or Some Account of St. Patrick and St. Brigid
by William G. Todd, 1859

here is an old tradition, that St. Patrick has obtained from Almighty God the privilege of being himself the judge of the Irish people at the great day of account, that from those to whom he preached the Christian faith he may exact a strict account of the way in which they have used it. As the twelve apostles will sit upon twelve thrones, judging the twelve tribes of Israel, so, says the tradition, will Patrick sit upon a throne of power and glory, judging the Celtic nations to whom he communicated the faith of Christ. He will call them to account for the abuse of their gifts, and he will reward those who, in heart and work, have been faithful to the end.

nd now, in the enjoyment of his supreme happiness, this illustrious saint does not forget the people of his adoption. He feels for them in the midst of all their sufferings, and he has obtained for them the grace to keep steadfast to the Catholic Church in spite of the temptations which continually assail their allegiance. He is with them in their wanderings; he is with them in their poverty; he is with them in their troubles. His unfailing prayer is that they may be true to the Church of God at all times and in all places; that they may not forfeit by their evil conduct those gifts of faith and purity which his intercession has secured for so many of his children; and that as time goes on, the fruitful seed, which even in his own lifetime grew up into so glorious a tree, may increase and grow with the age of the world; and may hand on from generation to generation, an unbroken and uninterrupted tradition of the Catholic faith, continually stretching forth into new regions of the earth, and yet tracing back its pedigree, through the ancient saints and confessors of Erin, to Patrick, and Celestine, and the see of Peter, the mother and mistress of churches.--pages 88 - 89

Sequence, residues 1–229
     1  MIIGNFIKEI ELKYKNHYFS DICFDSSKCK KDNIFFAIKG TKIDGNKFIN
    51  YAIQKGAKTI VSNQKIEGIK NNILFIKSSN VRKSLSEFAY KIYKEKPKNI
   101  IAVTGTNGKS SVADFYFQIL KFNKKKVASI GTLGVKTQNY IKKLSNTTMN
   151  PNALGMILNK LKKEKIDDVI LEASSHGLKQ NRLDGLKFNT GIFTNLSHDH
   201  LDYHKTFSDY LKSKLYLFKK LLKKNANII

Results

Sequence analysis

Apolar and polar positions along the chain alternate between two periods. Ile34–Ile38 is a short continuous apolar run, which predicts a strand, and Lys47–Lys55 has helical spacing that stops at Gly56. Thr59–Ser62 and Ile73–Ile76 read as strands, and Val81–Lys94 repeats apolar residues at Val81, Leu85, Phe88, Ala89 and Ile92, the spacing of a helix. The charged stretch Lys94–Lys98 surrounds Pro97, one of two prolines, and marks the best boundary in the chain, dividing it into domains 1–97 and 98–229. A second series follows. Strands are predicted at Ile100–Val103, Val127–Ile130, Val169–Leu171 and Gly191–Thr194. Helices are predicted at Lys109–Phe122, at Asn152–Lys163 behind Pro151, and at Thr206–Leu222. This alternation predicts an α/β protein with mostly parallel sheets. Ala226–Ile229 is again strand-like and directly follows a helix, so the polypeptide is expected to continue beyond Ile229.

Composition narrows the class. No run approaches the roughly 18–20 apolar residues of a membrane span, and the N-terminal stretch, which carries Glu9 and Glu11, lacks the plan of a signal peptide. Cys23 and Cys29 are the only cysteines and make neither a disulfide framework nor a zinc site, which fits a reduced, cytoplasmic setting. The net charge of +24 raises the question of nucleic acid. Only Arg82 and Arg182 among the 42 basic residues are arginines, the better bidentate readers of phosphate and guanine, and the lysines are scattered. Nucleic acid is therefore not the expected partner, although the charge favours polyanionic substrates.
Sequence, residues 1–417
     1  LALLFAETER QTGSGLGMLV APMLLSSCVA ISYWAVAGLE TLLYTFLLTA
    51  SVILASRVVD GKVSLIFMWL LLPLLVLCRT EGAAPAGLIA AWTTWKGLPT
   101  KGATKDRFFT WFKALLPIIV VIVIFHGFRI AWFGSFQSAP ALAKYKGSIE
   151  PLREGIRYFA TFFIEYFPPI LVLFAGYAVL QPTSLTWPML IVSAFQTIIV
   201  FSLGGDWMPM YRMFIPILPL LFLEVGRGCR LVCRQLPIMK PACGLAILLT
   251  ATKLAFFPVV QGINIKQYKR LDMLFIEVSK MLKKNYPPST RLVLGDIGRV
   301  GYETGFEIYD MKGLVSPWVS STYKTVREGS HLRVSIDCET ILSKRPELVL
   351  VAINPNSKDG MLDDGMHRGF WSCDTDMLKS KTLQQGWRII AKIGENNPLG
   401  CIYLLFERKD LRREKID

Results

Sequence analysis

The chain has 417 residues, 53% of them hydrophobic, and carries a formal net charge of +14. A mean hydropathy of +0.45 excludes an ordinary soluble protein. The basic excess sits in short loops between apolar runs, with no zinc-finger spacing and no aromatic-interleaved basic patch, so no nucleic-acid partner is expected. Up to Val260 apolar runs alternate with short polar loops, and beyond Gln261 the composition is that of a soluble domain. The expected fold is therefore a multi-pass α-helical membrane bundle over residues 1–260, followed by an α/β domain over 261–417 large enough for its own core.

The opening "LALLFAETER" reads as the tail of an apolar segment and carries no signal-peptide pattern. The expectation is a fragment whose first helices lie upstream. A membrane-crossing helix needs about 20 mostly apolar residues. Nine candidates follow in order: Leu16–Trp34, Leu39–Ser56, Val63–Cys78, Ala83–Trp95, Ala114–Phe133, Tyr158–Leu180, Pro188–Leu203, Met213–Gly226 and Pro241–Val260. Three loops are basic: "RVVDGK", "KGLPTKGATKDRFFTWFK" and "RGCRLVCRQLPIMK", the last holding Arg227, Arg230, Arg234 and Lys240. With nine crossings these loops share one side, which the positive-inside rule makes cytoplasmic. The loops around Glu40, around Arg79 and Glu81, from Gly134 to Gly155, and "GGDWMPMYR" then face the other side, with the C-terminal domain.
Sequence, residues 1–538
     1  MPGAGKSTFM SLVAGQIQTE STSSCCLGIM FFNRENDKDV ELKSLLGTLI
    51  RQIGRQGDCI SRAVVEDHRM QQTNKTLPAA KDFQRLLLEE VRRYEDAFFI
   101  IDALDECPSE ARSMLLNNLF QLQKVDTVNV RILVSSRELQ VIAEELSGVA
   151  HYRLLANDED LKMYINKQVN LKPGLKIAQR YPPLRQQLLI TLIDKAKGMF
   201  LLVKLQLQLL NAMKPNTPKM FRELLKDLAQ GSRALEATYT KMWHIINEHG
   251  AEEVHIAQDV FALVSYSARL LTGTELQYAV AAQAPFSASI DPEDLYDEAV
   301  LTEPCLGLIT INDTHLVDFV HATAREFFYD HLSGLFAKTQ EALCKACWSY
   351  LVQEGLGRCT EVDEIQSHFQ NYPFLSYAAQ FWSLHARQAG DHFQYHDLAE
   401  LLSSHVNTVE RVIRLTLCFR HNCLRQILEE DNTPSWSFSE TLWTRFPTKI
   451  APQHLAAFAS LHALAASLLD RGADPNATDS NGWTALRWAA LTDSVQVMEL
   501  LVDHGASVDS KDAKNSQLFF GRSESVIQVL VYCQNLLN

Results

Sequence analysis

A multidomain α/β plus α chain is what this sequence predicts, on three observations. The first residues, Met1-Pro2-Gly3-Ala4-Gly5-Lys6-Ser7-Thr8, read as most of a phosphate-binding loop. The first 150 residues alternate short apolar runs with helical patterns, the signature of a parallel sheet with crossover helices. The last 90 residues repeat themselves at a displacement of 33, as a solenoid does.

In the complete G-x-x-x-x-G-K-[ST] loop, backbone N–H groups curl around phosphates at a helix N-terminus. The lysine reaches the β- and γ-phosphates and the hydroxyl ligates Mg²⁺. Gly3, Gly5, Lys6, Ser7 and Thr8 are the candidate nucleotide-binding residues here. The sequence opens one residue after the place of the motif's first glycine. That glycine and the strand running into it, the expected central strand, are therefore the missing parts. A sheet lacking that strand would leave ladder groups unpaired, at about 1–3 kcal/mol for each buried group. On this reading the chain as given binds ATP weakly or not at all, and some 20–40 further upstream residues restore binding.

Download the book, "The Patrons of Erin"